As important as it is to educate people about our diseases and allergies, it can be really difficult to talk about it all the time. There have been times in my life I’ve felt like I’ve lost myself in my disease; that it was the only part of me, in part because it was all anyone wanted to know about me. There are so many other parts of my life that I want to share with my loved ones. Try making a point of asking those with allergies and diseases about other parts of their life. It will likely be refreshing for them.

Five things people with dietary needs can do for a more stress-free holiday:

1. Offer to bring your own food rather than relying on family or friends to take care of you.

We’re all used to our food needs — so much so that they’ve likely become second nature. For those who don’t spend every day dealing with them, it can be stressful and scary. Imagine being told, “Nothing Annie eats can contain or touch gluten, or she’ll be in terrible amounts of pain and her brain won’t function normally for as long as six months,” when you’ve barely even heard the word “gluten” before. That’s terrifying. Offering to bring your own food can be less stressful for both you and your host and can guarantee a symptom-free holiday.

2. Don’t be embarrassed to ask questions and make your needs known.

If you decide to eat food prepared by others, don’t shy away from making sure you’re safe. I have a habit of being terrible about this. With the way Celiac is often portrayed, it can be hard to stand up and make clear what I need, but it’s worth it. Being sick on a holiday isn’t fun for anyone.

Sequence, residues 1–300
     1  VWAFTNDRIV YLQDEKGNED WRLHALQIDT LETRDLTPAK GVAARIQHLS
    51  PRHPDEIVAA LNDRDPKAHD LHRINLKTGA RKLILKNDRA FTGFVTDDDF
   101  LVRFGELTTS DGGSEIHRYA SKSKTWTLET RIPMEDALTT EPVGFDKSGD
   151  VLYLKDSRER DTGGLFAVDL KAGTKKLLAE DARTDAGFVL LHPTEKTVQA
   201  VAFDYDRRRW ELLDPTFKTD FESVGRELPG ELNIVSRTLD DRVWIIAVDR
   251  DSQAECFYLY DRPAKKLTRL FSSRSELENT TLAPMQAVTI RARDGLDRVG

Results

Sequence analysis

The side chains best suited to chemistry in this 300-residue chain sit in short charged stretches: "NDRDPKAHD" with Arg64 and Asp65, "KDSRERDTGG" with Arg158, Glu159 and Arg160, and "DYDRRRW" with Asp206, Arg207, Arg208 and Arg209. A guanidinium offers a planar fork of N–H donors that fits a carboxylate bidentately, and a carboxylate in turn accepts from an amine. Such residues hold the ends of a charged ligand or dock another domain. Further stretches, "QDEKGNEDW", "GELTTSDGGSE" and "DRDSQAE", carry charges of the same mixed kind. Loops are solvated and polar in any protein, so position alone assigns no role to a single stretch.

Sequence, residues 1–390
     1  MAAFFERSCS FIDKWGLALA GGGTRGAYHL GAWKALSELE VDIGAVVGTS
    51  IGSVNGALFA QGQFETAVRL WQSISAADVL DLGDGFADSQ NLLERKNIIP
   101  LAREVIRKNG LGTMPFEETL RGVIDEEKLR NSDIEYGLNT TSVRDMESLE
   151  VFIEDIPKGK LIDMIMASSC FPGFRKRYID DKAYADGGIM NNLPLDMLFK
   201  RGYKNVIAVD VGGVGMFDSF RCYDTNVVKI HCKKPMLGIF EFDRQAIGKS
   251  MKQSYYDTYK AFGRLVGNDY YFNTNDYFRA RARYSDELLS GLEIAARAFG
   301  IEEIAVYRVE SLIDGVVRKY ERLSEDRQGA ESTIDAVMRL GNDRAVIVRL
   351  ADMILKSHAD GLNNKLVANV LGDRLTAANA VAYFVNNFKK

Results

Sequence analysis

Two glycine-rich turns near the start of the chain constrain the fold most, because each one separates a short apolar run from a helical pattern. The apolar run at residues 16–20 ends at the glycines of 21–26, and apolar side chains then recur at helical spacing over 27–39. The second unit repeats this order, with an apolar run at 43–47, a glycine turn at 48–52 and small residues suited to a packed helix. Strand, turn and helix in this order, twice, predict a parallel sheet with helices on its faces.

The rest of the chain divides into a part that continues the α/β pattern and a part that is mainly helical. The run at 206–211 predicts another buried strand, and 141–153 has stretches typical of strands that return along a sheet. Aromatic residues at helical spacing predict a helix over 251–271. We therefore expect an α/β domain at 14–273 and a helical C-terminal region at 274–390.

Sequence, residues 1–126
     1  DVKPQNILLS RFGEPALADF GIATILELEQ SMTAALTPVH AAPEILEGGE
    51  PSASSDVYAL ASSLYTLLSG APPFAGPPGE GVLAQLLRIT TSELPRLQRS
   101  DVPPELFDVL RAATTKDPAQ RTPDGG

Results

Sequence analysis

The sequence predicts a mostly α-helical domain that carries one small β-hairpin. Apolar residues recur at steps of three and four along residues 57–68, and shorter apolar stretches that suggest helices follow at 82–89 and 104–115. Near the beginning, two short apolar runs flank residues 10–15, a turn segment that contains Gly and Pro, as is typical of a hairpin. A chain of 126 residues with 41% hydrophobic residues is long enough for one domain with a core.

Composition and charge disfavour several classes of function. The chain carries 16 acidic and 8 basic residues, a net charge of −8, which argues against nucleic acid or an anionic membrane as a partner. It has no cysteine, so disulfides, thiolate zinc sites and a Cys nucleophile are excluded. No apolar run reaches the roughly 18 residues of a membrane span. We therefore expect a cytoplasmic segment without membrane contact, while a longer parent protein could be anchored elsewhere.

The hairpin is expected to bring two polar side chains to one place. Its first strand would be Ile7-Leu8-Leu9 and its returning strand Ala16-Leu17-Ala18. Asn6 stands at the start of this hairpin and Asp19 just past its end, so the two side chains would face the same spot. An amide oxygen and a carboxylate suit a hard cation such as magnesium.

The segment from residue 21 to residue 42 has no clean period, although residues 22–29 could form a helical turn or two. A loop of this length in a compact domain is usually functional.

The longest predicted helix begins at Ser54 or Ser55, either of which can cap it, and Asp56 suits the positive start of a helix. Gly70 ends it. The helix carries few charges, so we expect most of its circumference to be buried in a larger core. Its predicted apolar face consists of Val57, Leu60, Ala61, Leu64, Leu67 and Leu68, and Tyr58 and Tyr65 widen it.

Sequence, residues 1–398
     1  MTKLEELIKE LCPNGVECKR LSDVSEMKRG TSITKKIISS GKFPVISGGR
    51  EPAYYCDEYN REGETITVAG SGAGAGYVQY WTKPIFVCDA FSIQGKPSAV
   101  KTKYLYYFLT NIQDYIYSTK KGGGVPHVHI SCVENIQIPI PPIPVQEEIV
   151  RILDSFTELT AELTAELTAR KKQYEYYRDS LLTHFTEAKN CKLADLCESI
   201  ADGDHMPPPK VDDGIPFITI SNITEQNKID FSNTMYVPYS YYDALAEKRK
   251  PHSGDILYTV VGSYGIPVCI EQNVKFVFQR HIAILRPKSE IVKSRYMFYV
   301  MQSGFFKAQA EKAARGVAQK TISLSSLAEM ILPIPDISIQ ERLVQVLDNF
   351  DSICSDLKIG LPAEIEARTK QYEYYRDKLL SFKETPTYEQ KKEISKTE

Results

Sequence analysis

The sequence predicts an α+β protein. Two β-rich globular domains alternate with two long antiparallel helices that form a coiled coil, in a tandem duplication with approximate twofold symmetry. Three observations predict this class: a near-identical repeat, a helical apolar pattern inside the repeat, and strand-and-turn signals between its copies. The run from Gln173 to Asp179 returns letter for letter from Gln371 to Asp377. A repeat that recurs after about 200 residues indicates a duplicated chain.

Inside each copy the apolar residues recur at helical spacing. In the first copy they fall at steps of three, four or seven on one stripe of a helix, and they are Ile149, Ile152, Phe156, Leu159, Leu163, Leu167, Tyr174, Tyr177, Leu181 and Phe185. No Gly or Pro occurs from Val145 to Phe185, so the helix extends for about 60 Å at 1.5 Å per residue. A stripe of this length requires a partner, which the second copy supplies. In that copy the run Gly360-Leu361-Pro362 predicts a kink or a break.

3. Don’t get annoyed when people ask questions.

Yes, talking about what makes you different all the time can suck. But keep in mind they don’t live with your disease or allergies all the time. They care about you and want to understand what you’re going through and how they can help.

4. If this is your first year with new dietary needs, don’t expect things to taste the same.

They won’t. And it will be upsetting and hard. Some things you try will probably be terrible. But if you prepare yourself for it, you might be able to handle it better than I did. Which meant crying about how bad gravy tastes now (my mom and dad have since mastered the gluten-free gravy process) and thinking my life was effectively over. Life moves on, you’ll find things you like and new allergen-free substitutes are coming out all the time. Take a deep breath, and in the spirit of the season, remember to be thankful for what you do have.

5. Don’t let food be your definition of a holiday.

As I mentioned in the section for family, food is often what we connect to seasons and special occasions. Not being able to enjoy those foods can be really hard; they’re some of what we remember most from growing up. In recent years I’ve tried to reset my mind to the other things I like about holidays: catching up with family, sitting by the fire and enjoying time with those I care about most. Creating new non-food-related traditions and memories means not feeling like I’m missing out. It has made a huge difference.

The Mighty is asking the following: What’s one thing people might not know about your experience with disability, disease or illness during the holiday season, and what would you say to teach them? If you’d like to participate, please send a blog post to Please include a photo for the piece, a photo of yourself and 1-2 sentence bio. Check out our Share Your Story page for more about our submission guidelines.

Lead photo source: Thinkstock Images

Originally published: November 26, 2015